Double amputee returns to diving
From scaling Mount Kilimanjaro and ice climbing in the Canadian Rockies to scuba diving Grand Cayman’s famous Kittiwake wreck, Warren Macdonald has accomplished feats that most people only dream of. But the adventure guru and motivational speaker goes to great lengths to carry out his dreams..
Both his legs were amputated after he was pinned for two days beneath a one-ton boulder in a freak hiking accident in Australia in 1997. Since then, he has reached heights he never believed possible. Now he is pushing himself to new limits by re-learning to scuba dive in the Cayman Islands.
Macdonald, who is here as a guest of the Cayman Islands Department of Tourism and Sunset House dive shop, took the plunge this week.
He said the sensation of diving in Cayman’s crystal clear waters was unforgettable.
“It was great to get that feeling of weightlessness again,” he said. “It was my first time diving since the accident, and I have never really dove anywhere like this before. The Kittiwake was great.”
Macdonald had logged more than 1,000 dives prior to his accident, so it was humbling to have to learn the sport again. The biggest difficulty, he found, was staying upright on the surface – using his core to balance in the water. Beneath the waves, he says, having no legs was not really any hindrance at all.
It’s an approach that he has taken in every aspect of his life. He commonly tells listeners during his motivational talks, “having no legs is not really that big of a deal.”
For Macdonald, an iron resolve not to allow his disability to define him, or even to allow the loss of his legs to be accurately described as a “disability,” has inspired him to meet goals he believes he would never have otherwise achieved.
“I had a buddy in rehab who said losing his leg was the best thing that ever happened to him. I have never found myself saying that, but at the same time, if I had the chance to have my legs and be walking around, I wouldn’t want to go back.
“It has made me grow in different ways. I’m not going to say I never got depressed about it. But whenever I found myself in that place, the question was always, ‘do I want to stay there?’” and the answer was always no.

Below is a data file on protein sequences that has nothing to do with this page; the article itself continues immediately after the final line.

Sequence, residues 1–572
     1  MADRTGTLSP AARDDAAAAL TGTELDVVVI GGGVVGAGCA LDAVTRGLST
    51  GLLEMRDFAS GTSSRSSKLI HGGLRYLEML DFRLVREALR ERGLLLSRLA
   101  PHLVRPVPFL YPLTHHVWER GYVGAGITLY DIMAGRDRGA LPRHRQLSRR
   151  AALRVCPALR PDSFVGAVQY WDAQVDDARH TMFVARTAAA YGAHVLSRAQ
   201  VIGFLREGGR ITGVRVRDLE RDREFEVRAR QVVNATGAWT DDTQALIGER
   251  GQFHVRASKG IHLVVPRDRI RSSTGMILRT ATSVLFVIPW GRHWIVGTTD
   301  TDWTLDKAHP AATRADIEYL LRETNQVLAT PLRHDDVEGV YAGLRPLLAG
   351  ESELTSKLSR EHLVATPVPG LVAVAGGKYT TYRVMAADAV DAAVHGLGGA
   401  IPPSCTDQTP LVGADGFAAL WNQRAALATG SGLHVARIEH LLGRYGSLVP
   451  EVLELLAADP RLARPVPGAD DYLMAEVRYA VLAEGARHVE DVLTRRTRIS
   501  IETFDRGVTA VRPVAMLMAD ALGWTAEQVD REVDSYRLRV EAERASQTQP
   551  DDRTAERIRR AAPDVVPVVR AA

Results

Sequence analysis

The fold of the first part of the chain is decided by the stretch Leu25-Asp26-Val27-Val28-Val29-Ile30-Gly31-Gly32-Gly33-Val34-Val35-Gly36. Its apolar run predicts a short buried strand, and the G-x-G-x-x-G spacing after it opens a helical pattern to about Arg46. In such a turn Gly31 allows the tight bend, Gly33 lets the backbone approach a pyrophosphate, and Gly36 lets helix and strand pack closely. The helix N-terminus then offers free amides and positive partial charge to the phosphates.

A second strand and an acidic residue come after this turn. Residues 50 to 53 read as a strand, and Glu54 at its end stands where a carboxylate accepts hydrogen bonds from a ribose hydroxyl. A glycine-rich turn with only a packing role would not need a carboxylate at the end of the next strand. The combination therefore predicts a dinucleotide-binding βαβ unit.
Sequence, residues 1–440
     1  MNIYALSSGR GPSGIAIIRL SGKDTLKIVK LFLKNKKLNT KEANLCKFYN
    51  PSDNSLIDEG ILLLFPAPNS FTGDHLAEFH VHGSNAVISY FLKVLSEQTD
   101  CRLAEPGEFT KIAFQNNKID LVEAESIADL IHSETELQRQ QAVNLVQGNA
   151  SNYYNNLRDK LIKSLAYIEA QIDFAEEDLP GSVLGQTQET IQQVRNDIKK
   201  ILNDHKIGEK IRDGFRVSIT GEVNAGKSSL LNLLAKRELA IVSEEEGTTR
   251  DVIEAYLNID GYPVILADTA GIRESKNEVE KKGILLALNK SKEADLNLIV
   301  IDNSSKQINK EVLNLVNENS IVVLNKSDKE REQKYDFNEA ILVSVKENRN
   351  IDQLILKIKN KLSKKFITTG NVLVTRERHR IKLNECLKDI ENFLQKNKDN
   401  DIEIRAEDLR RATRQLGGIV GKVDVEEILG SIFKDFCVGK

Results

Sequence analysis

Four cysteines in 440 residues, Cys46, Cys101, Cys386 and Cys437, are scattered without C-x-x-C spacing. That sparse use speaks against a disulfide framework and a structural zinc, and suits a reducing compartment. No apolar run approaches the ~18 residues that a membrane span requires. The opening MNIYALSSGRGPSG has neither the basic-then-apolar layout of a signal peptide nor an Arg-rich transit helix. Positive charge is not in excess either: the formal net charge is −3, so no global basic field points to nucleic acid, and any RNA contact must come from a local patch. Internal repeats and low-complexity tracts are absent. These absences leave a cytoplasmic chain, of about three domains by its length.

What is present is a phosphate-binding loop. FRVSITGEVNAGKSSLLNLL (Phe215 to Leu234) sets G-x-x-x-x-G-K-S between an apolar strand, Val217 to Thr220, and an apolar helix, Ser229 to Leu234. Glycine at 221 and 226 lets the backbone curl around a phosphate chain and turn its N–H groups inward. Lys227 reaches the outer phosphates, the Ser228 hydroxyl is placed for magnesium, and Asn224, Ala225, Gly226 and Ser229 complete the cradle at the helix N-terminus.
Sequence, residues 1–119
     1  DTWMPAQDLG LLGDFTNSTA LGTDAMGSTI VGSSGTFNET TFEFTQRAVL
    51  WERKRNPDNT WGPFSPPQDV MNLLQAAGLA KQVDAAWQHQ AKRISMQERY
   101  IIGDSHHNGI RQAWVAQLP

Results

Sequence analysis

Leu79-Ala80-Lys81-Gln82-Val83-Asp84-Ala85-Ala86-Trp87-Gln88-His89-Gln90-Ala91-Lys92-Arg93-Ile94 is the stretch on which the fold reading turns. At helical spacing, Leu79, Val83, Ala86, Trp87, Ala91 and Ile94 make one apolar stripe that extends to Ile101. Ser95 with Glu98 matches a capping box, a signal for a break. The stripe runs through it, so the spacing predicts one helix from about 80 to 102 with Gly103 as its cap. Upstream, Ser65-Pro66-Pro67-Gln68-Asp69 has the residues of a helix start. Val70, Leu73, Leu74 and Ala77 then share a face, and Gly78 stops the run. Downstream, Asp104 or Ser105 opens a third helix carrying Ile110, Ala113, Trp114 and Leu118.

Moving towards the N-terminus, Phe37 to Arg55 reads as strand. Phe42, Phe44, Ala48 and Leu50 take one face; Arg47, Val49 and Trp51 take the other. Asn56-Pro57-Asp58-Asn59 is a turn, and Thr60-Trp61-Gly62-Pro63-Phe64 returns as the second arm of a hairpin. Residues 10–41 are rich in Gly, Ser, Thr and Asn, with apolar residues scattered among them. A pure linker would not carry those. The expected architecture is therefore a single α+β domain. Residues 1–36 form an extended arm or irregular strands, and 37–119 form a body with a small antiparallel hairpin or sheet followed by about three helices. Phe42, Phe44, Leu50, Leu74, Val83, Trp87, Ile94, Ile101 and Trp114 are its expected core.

“I don’t like to be limited or boxed in. I could feel my world shrinking around me after the accident and so I pushed back.”
It took two years after the accident, Macdonald says, for him to get back to the level he had as a hiker and a climber. After that, he started to up the ante.
He became the first double amputee to climb Africa’s tallest peak, Mount Kilimanjaro in Tanzania, and later scaled the daunting El Capitan cliff face in Yosemite National Park in the U.S., a feat that required a staggering 2,800 pull-ups over four days.
He learned to ice climb and made a groundbreaking ascent of Canada’s landmark frozen waterfall, the 600-foot Weeping Wall in Alberta.
After such tests of will, diving in the Cayman Islands sounds like a day at the beach. But it could be just the first step in an underwater adventure to rival his exploits on land and ice.
“For me, this is about going back and reclaiming one of the things I lost in the accident. After this, who knows?”
Macdonald will be the guest speaker at the Diving Equipment and Marketing Association’s trade show in Orlando next month. Keith Sahm, the general manager at Sunset House, is involved with the DEMA show.
He said he heard Macdonald’s story and partnered with the Department of Tourism to bring him to Cayman.
“He is an absolutely amazing guy. I knew he had been a diver before the accident but had not been since, so we wanted to give him that opportunity.”